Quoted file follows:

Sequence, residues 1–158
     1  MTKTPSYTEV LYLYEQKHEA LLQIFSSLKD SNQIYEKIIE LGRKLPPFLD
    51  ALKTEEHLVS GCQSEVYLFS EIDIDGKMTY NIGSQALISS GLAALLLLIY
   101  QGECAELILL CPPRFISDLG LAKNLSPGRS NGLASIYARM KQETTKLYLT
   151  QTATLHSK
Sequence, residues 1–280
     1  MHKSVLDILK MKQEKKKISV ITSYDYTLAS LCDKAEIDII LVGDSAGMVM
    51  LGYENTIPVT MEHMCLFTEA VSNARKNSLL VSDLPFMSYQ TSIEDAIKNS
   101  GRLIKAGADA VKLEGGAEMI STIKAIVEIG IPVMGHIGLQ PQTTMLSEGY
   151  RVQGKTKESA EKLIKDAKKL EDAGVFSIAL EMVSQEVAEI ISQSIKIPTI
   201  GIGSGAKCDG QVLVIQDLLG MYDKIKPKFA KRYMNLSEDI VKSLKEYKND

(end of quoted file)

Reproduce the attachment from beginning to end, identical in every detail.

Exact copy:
Sequence, residues 1–158
     1  MTKTPSYTEV LYLYEQKHEA LLQIFSSLKD SNQIYEKIIE LGRKLPPFLD
    51  ALKTEEHLVS GCQSEVYLFS EIDIDGKMTY NIGSQALISS GLAALLLLIY
   101  QGECAELILL CPPRFISDLG LAKNLSPGRS NGLASIYARM KQETTKLYLT
   151  QTATLHSK
Sequence, residues 1–280
     1  MHKSVLDILK MKQEKKKISV ITSYDYTLAS LCDKAEIDII LVGDSAGMVM
    51  LGYENTIPVT MEHMCLFTEA VSNARKNSLL VSDLPFMSYQ TSIEDAIKNS
   101  GRLIKAGADA VKLEGGAEMI STIKAIVEIG IPVMGHIGLQ PQTTMLSEGY
   151  RVQGKTKESA EKLIKDAKKL EDAGVFSIAL EMVSQEVAEI ISQSIKIPTI
   201  GIGSGAKCDG QVLVIQDLLG MYDKIKPKFA KRYMNLSEDI VKSLKEYKND